Transportation officials are urging commuters to have backup plans in the event of a BART work stoppage. Stephanie Chuang reports.
It has been 16 years since the last time BART workers walked off the job, but with each passing hour the threat of a strike seems more and more likely come Monday.
The unions contract expires Sunday at midnight with a threatened strike to start the workweek commute.
Saturday's negotiation session ended before 5 p.m. with the union saying that management was "a no show." A union spokesperson told gathered reporters in Oakland that a strike was likely.
Union officials said they would move forward with plans for a BART strike on Monday after walking out of the contract talks today.
"BART management is engaging in what is called "surface-bargaining," said Jose Mooney, spokesperson for Service Employees International Union 1021. "They're trying to appear in public like they are working to keep the trains running, but they're doing nothing to respond to good-faith offers by BART workers aimed at avoiding a strike."
BART officials said they had told the union they would have a proposal ready by 5 p.m., but when they submitted it to the mediator at 3:45 p.m., they were told the negotiators had already walked out.
BART spokesman Rick Rice said management delivered a new economic proposal to the mediator Saturday afternoon, and received a response from the union to a proposal made Thursday. He said the latest BART proposal increased the salary offer and reduced the amount employees would contribute to pensions and health care.
"We're disappointed," Rice said of the union's decision to break off talks.
Friday's negotiation sessions did not go well either. The session started late and ended at 10 p.m. with no reported progress.
Talks are scheduled to begin at 11 a.m. each day. It was not clear if any talks would take place Sunday.
Antonette Bryant with ATU Local 1555 said Saturday morning that negotiators had their suitcases packed and were prepared to stay at the bargaining table until a contract is negotiated and a potential strike was averted, but he session didn't last even six hours.
On Friday, negotiations were supposed to begin at 11 a.m. but were delayed for hours.
They were pushed off until after the BART Board of Directors’ meeting, set to end around 6:30 p.m. Both sides blamed the other for the stall.
BART’s two employee unions, SEIU Local 1021 and ATU Local 1555, are asking for a higher salary increase: a five percent increase for the next three years, plus a cost-of-living adjustment. BART is offering a one percent increase for the next four years. The biggest concession from either side has been BART’s decision to remove conditions off of the increase and make it a guaranteed raise.
Talks began April 1 and quickly soured.
“They refused to allow us to come to the table to work together, get resolution early so we would not put the public through this,” said John Arantes, president of SEIU Local 1021. “Instead they pushed us off till May 13.”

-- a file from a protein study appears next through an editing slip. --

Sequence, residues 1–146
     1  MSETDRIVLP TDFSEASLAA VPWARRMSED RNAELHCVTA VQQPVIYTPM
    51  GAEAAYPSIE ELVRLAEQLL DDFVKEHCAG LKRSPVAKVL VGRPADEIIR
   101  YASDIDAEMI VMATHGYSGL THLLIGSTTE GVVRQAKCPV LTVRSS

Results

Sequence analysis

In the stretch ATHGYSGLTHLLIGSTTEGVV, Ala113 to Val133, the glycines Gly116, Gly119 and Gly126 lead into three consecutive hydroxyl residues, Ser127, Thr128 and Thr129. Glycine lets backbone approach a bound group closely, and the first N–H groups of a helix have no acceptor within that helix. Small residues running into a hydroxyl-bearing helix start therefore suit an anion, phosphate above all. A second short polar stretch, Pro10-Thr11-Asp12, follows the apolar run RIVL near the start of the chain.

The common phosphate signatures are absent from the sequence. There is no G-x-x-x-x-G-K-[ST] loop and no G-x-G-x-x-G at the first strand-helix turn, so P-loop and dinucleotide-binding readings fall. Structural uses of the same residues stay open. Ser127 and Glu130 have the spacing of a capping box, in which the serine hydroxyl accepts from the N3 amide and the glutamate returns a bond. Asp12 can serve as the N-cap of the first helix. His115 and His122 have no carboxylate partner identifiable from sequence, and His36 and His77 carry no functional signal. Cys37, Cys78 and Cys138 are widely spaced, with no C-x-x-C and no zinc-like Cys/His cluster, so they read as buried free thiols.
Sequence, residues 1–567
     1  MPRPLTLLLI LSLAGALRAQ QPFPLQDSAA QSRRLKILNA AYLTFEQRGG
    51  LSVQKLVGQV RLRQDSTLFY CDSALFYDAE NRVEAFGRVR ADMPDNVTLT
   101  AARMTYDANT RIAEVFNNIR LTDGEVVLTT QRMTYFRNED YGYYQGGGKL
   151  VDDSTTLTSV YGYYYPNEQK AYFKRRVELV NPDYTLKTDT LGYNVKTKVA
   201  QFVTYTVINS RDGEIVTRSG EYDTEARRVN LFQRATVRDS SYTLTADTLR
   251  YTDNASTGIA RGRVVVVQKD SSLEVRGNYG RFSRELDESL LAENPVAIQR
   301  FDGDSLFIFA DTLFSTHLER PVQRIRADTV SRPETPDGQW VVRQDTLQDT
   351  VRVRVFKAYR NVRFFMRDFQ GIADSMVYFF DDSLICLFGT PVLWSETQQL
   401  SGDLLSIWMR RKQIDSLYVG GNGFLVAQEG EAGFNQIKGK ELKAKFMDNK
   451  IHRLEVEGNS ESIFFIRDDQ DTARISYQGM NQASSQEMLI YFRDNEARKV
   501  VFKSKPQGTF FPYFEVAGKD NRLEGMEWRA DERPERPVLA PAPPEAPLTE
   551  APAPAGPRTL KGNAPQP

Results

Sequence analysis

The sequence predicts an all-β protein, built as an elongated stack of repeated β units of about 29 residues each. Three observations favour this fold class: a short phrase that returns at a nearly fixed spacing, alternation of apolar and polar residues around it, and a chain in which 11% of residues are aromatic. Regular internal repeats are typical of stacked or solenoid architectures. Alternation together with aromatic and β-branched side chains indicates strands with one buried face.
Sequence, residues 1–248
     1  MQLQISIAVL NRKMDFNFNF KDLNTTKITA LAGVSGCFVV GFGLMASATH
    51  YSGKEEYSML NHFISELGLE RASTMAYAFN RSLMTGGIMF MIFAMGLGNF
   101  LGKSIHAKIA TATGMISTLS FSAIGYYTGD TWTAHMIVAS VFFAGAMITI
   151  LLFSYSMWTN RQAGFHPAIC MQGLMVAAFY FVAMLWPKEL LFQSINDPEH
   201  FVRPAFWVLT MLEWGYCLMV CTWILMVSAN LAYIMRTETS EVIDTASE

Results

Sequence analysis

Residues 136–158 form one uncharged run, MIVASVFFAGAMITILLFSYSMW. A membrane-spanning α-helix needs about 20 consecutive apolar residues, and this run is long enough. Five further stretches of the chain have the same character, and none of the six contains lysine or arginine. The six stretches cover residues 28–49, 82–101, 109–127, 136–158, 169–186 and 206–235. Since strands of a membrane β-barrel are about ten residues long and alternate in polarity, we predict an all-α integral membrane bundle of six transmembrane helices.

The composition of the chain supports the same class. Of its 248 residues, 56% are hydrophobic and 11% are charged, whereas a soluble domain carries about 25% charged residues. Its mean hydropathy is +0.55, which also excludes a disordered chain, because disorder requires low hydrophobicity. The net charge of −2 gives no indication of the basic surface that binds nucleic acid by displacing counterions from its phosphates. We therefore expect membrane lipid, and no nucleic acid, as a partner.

MORE: Oakland Unions Threaten General Strike
“We have been waiting since 11 a.m. We have not met with the district and we are still waiting,” said Antonette Brown, president of ATU Local 1555.
But BART said the unions did not give a response to the agency’s latest proposal Thursday night, and as of 6 p.m. Friday, still had not heard back. Rick Rice, a BART spokesman, said the agency finished responding to every part of the unions’ requests, agreeing to half a dozen of them and changing others in hopes of moving the talks forward. Rice would not get into specifics.
“They’re currently paying nothing for their pensions we feel they should pay a small part of that,” said Rice. “We’ve got debt interest to pay, millions of dollars committed to new train cars already ordered. The benefits part of the package for all BART workers is $50,000 - it’s one of the fastest rising costs in the system. It’s something we can no longer ask taxpayers and riders to pay for.”
But union leaders are calling BART’s offer an “insult.” Brown said union members gave back more than 100 million dollars in concessions in 2009 and deserve to get paid back. Union members also don’t believe BART’s statement that the agency has no surplus.
“In ‘09 they said they had a deficit. It ended up being 300 million dollars in the plus,” said Leo Ruiz, a member of ATU Local 1555. “Now, they’re telling us there’s no surplus. There’s 125 million dollars a year for next ten years. Who do you trust? They lied to us in ’09. They’re lying to us now.”
If talks don’t smooth out and a settlement cannot be reached by 11:59 p.m. Sunday, when the unions’ contracts expire, the strike is on.
And that isn’t just stranding the estimated 400,000 people who ride BART every day. AC Transit workers may also go on strike Monday morning. It has an average of 175,000 riders every day. Other transit agencies are set to try and help, including Caltrain and SamTrans, but it won’t be nearly enough to prevent what could be gridlock on the roads.
If there’s a strike, BART is set to offer a courtesy shuttle during peak commute hours, but that will only serve an estimated 2,000-4,000 people each direction each day. Riders are encouraged to plan ahead: telecommute and carpool. If people choose the latter, they can park in any of BART’s 33 station parking lots for free.